I once learned a lesson about copyright infringement, a painful lesson. I needed a minefield picture for one of my blog posts. The minefield was a metaphor. I went to the Internet and found one. It did not appear to have a copyright so I used it. Several months later I got a letter from a corporate attorney telling me I was using their photo illegally since I had not purchased the license to the picture. They wanted money, a pretty substantial amount. Here is a lesson for anyone in HR or blogging on using pictures and other material found on the Internet.
Even bigger money
I was not happy about having to pay for the use of the picture but at least I did not have to pay $1.2 million for my copyright infringement. According to attorney Susan Neuberger Weller of MintzLevin, a New York court found Agence France-Presse and Getty Images Inc. guilty of willful infringement of copyright with eight photos they had published. Photographer Daniel Morel had published 8 photos of the Haiti earthquake in 2010 via Twitter. Someone else reposted these and they got picked up and posted by AFP and Getty.
I am not going to repeat all the judicial wrangling that went on, you can read that here. But suffice it to say that the court and a jury found that the two organizations had violated the copyright and subsequently had to pay a combined $1.2 million for their use of these photos.
What are the rules?
So if you can’t just snag a photo or a cartoon off the Internet for use on your blog, or website or company newsletter, what are the rules? The rules revolve around some key terms. These are ownership of the copyright, work-for-hire, public domain, and fair use.
According to the law, copyright is granted automatically when an original work is first “fixed” in a “tangible medium of expression”, which today includes the Internet. A copyright does not have to be registered, though that is suggested because it helps the author protect the copyright. Ideas and facts cannot be copyrighted but the original aesthetic expression of those ideas and facts can be. The author owns the rights to allow others to use the work, distribute the work, display the work and allow others to perform a work. Typically there is a fee of some sort that must be paid the author or the author’s agent for the use of the copyrighted work.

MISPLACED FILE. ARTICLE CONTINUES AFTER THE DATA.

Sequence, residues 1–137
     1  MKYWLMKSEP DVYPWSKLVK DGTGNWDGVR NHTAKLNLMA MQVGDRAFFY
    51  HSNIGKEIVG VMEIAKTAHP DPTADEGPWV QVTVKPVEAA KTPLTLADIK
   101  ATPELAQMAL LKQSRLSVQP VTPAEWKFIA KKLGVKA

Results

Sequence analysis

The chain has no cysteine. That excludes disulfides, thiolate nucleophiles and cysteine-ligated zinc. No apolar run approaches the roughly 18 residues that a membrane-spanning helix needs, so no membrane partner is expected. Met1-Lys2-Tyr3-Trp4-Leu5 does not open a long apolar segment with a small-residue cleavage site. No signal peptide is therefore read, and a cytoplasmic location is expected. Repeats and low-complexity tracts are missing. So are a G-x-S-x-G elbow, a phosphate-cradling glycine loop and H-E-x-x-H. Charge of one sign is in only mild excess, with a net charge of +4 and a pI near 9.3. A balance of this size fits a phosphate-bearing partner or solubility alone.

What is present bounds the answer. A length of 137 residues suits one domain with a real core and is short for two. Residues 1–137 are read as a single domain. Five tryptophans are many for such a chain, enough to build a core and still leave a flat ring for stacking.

There is an exception to this ownership and that is called the work-for-hire provision. This means that someone who is hired to produce a work may not own the work. It is owned by the entity that hired the person. Sometimes this is an employee, sometimes it is an independent contractor.
You can use material that has been covered under the concept of the “public domain.” Basically it can be used without payment. Anything produced by a government entity is in the public domain since it is the tax payers that footed the bill and thus we all “own” the work. Other items fall into the public domain as well, but that list is too long for this blog. You can find all items under the public domain as of 2013 by looking HERE.
There is a concept called fair use that protects you in some incidents of using someone else’s work. There are no “set in stone” rules but generally what is considered is:
- The purpose you are using it
- The nature of how you are using it (book reviews or parodies have more protection, versus just copying pages.)
- The amount of material or percentage of material used
- How often or how much you use it
- And whether you are denying financial gain to the author by your use.
Sara Hawkins of the Social Media Examiner has a superb guide called Copyright Fair Use and How it Works for Online Images. This is well worth reading. In particular to the point of my post she says “If you’re using a thumbnail and linking to the original location, there is greater likelihood of finding fair use than if you just post the original image.”
The Digital Millennium Copyright Act
Just because it has been posted on the Internet does not make it fair game for use. There is a law called the Digital Millennium Copyright Act (DMCA) that dovetails with existing copyright law around the world and protects the original works of others. You may want to download this summary so that you understand that complicated arena.
As to my situation I was able to negotiate with the copyright owner and I ended up paying a reduced fee. However, it taught me a lesson that I have paid attention to for at least four years now. As attorney Weller concludes “…just because you can copy something available on the Internet does mean you have the legal authority to do so. Consider yourself warned …”
Image courtesy of Stuart Miles at FreeDigitalPhotos.net